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Google Pixel 5 release date, price, news and leaks

Google Pixel 5
The Google Pixel 5 could take cues from the Pixel 4 and 4 XL (above) (Image credit: Future)

The Google Pixel 5 release date will likely be toward the end of 2020, a year that's starting to feel very long indeed – but that just means the tech giant has time to retool and learn from the feedback on the Pixel 4 and Pixel 4 XL phones. 

Before the Pixel 5, we're expecting to see the Pixel 4a phones, mid-range versions of the Pixel 4s in the same vein as the Pixel 3a. We've heard a lot of rumors as the phone gears up to launch at the end of May or the beginning of June.

When the Google Pixel 4 phones launched in late 2019, we unsurprisingly loved their photo capabilities, but found they fell short in some other areas. 

The shortfalls we saw in the Pixel 4 phones give us ideas for what we'd like to see in the Google Pixel 5, and since there aren't many real leaks or rumors about the upcoming Pixel 5 devices just yet, we've taken this opportunity to make a wish list for Google's next flagship smartphone.

The Pixel 4 and 4 XL were popular devices, but didn't get quite the enthusiastic welcome that the Pixel 3 phones did, so the upcoming handsets could be Google's opportunity to wow buyers who may enjoy what Google does best. Read on to discover where we think the Google Pixel 5 could succeed.

Latest story: The Google Pixel 5 could lack the Soli radar that allowed for hands-free phone navigation on the Pixel 4.

Cut to the chase

  • What is Google Pixel 5? Google's next full-featured flagship smartphone
  • When is the Google Pixel 5 launch date? Likely October 2020
  • How much will Google Pixel 5 cost? The price may be around $799 / £669 / AU$1,049

Google Pixel 5 release date and price

Google Pixel 4 in hand

Google Pixel 4 in hand (Image credit: Future)

It's a bit early to assert with confidence when the Pixel 5 release date will be, given how tumultuous 2020 has been, but given precedent we can take an educated guess.

The Pixel 4 launched on October 24 of 2019, and we can reasonably expect another release around that point in 2020, given every previous flagship Google Pixel has launched in October.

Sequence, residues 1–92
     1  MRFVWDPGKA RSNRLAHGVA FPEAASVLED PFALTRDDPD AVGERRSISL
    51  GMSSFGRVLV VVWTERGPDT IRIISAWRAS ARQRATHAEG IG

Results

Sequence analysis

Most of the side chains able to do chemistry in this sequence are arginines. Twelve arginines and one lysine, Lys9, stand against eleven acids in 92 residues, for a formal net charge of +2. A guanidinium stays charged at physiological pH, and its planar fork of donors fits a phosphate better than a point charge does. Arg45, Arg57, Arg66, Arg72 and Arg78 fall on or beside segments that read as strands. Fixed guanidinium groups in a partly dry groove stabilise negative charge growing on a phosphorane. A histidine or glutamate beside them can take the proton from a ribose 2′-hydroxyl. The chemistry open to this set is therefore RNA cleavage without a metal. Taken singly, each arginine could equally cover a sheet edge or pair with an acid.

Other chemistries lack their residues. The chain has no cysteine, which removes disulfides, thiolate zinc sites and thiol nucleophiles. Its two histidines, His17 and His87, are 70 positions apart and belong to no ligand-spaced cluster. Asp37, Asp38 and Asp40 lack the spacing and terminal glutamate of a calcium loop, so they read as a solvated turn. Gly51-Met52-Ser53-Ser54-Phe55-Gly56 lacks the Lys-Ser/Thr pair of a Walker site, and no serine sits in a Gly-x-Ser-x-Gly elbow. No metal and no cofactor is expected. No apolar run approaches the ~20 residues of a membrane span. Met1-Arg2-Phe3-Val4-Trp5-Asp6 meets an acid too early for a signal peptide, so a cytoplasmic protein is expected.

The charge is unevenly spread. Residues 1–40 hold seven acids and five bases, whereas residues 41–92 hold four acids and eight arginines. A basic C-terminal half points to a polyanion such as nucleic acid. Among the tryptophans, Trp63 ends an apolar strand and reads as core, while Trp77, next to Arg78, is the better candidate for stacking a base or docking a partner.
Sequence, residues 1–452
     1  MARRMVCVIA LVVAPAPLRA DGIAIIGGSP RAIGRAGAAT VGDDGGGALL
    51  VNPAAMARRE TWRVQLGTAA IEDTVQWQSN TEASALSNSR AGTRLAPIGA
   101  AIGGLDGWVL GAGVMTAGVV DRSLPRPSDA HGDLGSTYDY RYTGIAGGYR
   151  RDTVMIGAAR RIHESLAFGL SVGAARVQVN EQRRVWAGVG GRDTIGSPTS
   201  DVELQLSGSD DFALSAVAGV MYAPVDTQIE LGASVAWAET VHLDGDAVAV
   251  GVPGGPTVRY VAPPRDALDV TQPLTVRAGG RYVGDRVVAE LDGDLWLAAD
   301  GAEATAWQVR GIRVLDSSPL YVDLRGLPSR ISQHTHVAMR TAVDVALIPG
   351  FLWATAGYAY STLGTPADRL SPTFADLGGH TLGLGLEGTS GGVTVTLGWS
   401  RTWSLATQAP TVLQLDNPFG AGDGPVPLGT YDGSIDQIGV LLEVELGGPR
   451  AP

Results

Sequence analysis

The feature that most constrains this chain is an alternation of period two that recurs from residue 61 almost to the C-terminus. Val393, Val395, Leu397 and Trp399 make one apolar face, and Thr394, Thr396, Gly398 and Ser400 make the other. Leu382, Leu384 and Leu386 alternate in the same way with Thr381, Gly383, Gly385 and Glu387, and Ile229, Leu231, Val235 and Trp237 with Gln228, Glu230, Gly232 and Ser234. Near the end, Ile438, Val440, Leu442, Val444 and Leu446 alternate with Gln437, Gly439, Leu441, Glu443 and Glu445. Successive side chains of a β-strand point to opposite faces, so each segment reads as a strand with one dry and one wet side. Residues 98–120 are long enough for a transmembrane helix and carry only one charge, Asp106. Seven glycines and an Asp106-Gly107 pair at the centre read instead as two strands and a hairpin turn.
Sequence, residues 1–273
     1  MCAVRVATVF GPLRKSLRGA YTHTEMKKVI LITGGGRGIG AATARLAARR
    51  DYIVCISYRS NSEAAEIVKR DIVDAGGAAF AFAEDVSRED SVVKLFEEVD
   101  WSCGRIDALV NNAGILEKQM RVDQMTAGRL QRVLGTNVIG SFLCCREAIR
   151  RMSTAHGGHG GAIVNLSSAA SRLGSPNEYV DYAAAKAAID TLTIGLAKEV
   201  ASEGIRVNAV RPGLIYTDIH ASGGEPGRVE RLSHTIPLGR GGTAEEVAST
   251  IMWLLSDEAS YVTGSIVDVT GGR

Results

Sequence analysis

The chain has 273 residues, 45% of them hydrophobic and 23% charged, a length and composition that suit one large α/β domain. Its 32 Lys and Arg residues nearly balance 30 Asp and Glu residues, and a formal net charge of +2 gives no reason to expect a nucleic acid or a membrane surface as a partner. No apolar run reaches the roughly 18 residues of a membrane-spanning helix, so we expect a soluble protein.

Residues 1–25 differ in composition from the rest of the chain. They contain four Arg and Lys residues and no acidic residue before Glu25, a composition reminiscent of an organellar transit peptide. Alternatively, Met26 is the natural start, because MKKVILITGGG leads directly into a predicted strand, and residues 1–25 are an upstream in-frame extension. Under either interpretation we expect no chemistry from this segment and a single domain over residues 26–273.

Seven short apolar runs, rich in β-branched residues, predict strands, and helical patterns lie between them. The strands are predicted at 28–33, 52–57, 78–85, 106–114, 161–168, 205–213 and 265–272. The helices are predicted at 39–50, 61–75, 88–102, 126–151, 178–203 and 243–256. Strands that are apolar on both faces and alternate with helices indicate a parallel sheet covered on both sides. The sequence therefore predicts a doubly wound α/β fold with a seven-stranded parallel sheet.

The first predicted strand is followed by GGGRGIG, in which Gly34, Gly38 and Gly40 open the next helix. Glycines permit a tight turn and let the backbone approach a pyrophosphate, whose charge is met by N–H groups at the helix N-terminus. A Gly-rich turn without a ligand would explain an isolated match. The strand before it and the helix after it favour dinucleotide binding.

It's unclear exactly when in the month we'll see the Pixel 5 though: the first three Pixel phones were unveiled in the first week or so of the month, while the fourth came out at the end. Your guess is as good as ours. 

In terms of how much you'll pay, the Google Pixel 5 price will likely be at the same price or a bit higher than the Pixel 4, which had a starting price of $799 / £669 / AU$1,049. 

Smartphones have been slowly climbing in price, up from above-mid-range territory to true flagship price tags, and Google seems to be pitching its flagship phones as equal to that tier – so we've expected them to keep apace with rising flagship costs, too. 

And yet, Google might be thinking about dropping the price: a survey allegedly went out asking if consumers would buy a 'premium Google smartphone' at $699 (around £572 / AU$1,070). That could certainly give it an edge over rival flagship smartphones that are only getting pricier and pricier.  

Of course these are all guesses at this point, and when we hear some concrete leaks we'll update this article.

Google Pixel 5 leaks and news

The biggest Google Pixel 5 leak so far actually relates to the Pixel 5 XL. A high-quality render showing a supposed prototype of the phone has leaked, which you can see below.

As you can see, the camera design is rather different and likely to be divisive, but the source claims this is just one of three prototypes, and the others have a more conventional square camera block.

One of the three lenses pictured here is apparently wide-angle, which would be new for the range. As for the front of the phone, that isn't pictured but is apparently similar to the Pixel 4, including a large top bezel - though this is apparently slightly smaller this time.

One surprising leak is that the Pixel 5 might not have flagship power, as unreleased code in the Google camera app suggests that it uses the upper mid-range Snapdragon 765G chipset.

It may get an upgrade over that though, as Qualcomm has since launched that chipset's successor - the Snapdragon 768G. This is pin- and software-compatible with the Snapdragon 765G, so it should be easy for Google to make the change if it had been intending to user the 765G, and it offers all-round improvements, coming a bit closer to the top-end Snapdragon 865.

One source has said the Google Pixel 5 will use a slightly lower-end chipset than either of those, in the form of the Snapdragon 765. This is a processor that's only slightly different from the G variant, but it's older too.